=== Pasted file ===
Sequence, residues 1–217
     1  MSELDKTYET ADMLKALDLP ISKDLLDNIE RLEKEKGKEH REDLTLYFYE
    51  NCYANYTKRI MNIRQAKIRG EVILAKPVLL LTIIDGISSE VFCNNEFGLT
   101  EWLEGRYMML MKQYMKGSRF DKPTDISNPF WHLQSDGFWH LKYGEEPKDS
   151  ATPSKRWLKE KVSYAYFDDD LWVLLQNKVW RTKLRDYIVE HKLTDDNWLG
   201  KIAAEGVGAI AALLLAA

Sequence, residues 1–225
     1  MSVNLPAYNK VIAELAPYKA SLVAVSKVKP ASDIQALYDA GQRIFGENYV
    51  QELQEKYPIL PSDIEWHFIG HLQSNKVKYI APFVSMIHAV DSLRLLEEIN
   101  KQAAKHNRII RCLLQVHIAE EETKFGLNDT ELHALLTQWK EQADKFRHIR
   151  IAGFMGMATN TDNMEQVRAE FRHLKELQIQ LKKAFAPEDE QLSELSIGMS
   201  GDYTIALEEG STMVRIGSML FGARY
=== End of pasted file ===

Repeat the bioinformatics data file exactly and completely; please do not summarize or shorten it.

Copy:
Sequence, residues 1–217
     1  MSELDKTYET ADMLKALDLP ISKDLLDNIE RLEKEKGKEH REDLTLYFYE
    51  NCYANYTKRI MNIRQAKIRG EVILAKPVLL LTIIDGISSE VFCNNEFGLT
   101  EWLEGRYMML MKQYMKGSRF DKPTDISNPF WHLQSDGFWH LKYGEEPKDS
   151  ATPSKRWLKE KVSYAYFDDD LWVLLQNKVW RTKLRDYIVE HKLTDDNWLG
   201  KIAAEGVGAI AALLLAA

Sequence, residues 1–225
     1  MSVNLPAYNK VIAELAPYKA SLVAVSKVKP ASDIQALYDA GQRIFGENYV
    51  QELQEKYPIL PSDIEWHFIG HLQSNKVKYI APFVSMIHAV DSLRLLEEIN
   101  KQAAKHNRII RCLLQVHIAE EETKFGLNDT ELHALLTQWK EQADKFRHIR
   151  IAGFMGMATN TDNMEQVRAE FRHLKELQIQ LKKAFAPEDE QLSELSIGMS
   201  GDYTIALEEG STMVRIGSML FGARY